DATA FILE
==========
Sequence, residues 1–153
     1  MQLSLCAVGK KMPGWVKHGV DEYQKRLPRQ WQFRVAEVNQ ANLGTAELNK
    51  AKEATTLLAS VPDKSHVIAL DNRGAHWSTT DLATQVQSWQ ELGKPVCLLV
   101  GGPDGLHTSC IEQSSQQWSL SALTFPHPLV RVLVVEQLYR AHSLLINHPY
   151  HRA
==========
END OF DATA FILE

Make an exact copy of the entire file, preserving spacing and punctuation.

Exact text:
Sequence, residues 1–153
     1  MQLSLCAVGK KMPGWVKHGV DEYQKRLPRQ WQFRVAEVNQ ANLGTAELNK
    51  AKEATTLLAS VPDKSHVIAL DNRGAHWSTT DLATQVQSWQ ELGKPVCLLV
   101  GGPDGLHTSC IEQSSQQWSL SALTFPHPLV RVLVVEQLYR AHSLLINHPY
   151  HRA